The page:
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At the Sea Floor Cafe: Odd Ocean Critter Poems

At the Sea Floor Cafe: Odd Ocean Critter Poems

by Leslie Bulion, Leslie Evans (Illustrator)

Editorial Reviews

Publishers Weekly
Dexterous formal verse about sea creatures pairs with pleasingly abstract block prints in this informative, fun collection. A "kyrielle" shrewdly characterizes its elusive subject: "We don't know why the convict fish/ Lives so completely hermitish,/ Skulks hiding, never swims about,/ But eats its young then spits them out." Sidebars further educate readers about the menagerie, which includes bottlenose dolphins, sea spiders, and an egg sac–toting squid, while appended notes offer a crash course on poetic form. Beguiling lines like "Osedax, the legless worm,/ Lands on whale-fall, digs in firm./ Eyeless, mouthless, gills like plumes,/ Bone-devouring zombie blooms" should spark readers' interest in poetry and marine biology alike. Ages 8–12. (Apr.)
Children's Literature - Lois Rubin Gross
How do you categorize a book full of delightful poems, intriguing sea creature facts, and the specifics on how to replicate the poetry forms? Librarians will wrestle with this problem, but finding readers for this book will be no problem. The verses are in no way generic ocean rhymes. They describe the habits of snapping shrimp, convict fish, narwhals (the possible model for unicorns), and other little known denizens. One short example is a haiku about jeweled anemone crabs: "Stalk-eyed hermit defends, each secondhand shell home, with anemone jewelry. Stunning!" Upside Down and All Around, is a poem about a violet snail written in a spiral, in another exceptional blend of words, facts, and visual form. This is certainly not a description of a snail you would find in most nature books! Information is expanded with prose explanations of sea creatures' habits and characteristics, and there is also an excellent glossary of oceanography terms. The facts presented open questions for discussion such as why the bottle-nosed dolphin prepares only its female offspring with survival skills. Curiosities like this will serve as the basis for intriguing lessons. Now for the added value: author Bulion devotes five pages to explanations of the poetry forms used in each piece so that readers can try their hand at each creative form. The book is awash is sea green and aqua, and the illustrations are naturalistic. The pictures are, however, background to the stellar qualities of the book's information and style. Add to this a compact size that will fit in a backpack, and you have an irresistible addition to both school and library collections. Perhaps a copy in both poetry and nature is in order so that the book is not overlooked. Reviewer: Lois Rubin Gross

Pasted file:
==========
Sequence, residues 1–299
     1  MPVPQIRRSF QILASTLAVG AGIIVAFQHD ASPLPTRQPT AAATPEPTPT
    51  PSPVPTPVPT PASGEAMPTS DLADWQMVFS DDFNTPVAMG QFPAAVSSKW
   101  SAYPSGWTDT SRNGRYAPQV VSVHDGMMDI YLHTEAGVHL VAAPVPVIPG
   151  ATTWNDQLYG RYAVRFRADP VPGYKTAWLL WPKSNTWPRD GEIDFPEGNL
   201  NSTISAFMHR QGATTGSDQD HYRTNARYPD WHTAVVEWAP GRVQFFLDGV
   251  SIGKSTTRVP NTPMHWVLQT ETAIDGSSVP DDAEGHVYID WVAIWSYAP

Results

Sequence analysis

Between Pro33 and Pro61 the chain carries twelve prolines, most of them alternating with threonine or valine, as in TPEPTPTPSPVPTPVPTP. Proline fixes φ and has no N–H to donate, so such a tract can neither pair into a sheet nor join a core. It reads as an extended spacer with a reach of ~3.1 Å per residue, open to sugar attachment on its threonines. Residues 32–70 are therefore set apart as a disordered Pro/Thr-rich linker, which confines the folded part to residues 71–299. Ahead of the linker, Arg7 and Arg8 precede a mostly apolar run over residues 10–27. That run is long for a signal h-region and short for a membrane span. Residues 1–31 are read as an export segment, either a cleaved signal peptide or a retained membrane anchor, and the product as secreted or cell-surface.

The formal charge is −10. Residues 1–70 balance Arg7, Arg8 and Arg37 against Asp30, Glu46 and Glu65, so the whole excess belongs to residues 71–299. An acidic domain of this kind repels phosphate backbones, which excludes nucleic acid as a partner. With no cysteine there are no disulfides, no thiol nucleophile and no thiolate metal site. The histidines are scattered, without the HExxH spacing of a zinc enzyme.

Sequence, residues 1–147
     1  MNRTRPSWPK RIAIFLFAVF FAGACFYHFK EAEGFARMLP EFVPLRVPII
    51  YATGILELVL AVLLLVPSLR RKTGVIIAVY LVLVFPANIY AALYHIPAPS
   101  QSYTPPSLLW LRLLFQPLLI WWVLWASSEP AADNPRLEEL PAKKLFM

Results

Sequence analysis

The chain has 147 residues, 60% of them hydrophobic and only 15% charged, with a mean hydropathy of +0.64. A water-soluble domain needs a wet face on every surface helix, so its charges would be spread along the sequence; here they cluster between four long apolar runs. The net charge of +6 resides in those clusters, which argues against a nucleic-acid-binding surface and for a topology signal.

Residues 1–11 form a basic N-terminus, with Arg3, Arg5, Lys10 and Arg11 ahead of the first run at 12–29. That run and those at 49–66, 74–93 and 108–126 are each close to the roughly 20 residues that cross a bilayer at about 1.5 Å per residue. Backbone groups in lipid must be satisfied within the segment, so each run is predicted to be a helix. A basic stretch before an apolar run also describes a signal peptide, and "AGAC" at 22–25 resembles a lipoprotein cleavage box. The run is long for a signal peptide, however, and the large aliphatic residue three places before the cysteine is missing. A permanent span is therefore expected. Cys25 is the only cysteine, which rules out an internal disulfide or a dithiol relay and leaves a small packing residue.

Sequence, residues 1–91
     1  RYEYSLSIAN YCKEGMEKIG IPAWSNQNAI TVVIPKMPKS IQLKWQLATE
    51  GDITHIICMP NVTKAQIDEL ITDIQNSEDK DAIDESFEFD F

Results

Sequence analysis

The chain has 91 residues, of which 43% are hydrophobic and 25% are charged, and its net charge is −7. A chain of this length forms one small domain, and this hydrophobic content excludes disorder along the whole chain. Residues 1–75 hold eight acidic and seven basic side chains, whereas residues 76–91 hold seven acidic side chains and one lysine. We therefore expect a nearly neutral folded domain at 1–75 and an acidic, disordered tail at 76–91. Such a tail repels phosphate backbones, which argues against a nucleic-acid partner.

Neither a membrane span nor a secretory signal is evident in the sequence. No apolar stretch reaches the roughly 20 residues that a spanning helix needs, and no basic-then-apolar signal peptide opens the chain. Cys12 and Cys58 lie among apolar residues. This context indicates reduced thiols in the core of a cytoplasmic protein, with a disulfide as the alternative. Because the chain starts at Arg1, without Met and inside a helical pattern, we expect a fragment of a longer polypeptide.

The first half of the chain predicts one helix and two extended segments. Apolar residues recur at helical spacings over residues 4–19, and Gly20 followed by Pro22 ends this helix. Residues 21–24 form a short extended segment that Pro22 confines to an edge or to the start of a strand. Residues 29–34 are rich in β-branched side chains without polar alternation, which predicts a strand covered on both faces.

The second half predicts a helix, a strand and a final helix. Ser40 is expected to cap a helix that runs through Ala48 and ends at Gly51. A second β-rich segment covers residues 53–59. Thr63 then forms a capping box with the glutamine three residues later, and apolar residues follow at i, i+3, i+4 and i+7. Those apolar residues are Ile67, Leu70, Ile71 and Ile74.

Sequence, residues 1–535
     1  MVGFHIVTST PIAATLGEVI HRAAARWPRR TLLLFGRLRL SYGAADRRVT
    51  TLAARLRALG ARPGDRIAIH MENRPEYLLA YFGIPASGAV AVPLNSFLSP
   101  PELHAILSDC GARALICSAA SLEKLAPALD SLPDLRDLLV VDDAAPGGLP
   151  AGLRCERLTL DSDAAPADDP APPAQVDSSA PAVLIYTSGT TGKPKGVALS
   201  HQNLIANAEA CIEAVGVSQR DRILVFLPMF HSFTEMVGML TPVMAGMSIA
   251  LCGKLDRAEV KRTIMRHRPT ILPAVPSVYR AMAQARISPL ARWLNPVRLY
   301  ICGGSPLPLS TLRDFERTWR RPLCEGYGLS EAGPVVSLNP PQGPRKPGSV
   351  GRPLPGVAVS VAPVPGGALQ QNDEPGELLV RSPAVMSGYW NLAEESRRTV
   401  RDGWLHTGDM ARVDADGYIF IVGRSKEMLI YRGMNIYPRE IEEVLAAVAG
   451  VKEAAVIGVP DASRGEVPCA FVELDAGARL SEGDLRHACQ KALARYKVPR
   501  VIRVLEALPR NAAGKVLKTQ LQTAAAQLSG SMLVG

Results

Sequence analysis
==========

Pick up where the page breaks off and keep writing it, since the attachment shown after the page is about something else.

School Library Journal
Gr 5–9—This collection of 18 poems about marine life begins with an invitation to explore. The first few lines of "Dive In!" read: "Let's visit a habitat shallow and deep/And boiling hot, where acids seep...." The fact that parts of the ocean are boiling hot is just the first of many surprises along the way. The word "odd" in the subtitle is appropriate, since the focus is on animals like the sea spider, which "...sports guts and eggs in its legs." Each poem is accompanied by a paragraph or two of factual information. Some selections are short, others are longer. Endnotes describe the many formal structures the poet uses, from double dactyls to Spenserian stanzas. The attractive design features appealing colors and block-print illustrations. Overall, this book is for an older audience than one would think at first glance. It will probably be best appreciated by middle school age and up, and will be ideal for some classroom settings. With its mix of poems and information, Stephen R. Swinburne's Ocean Soup: Tide-Pool Poems (Charlesbridge, 2010) is similar but for a younger audience.—Lauralyn Persson, Wilmette Public Library, IL

Product Details

Peachtree Publishers, Ltd.
Publication date:
Sales rank:
Product dimensions:
5.80(w) x 8.30(h) x 0.50(d)
NC1130L (what's this?)
Age Range:
9 - 12 Years

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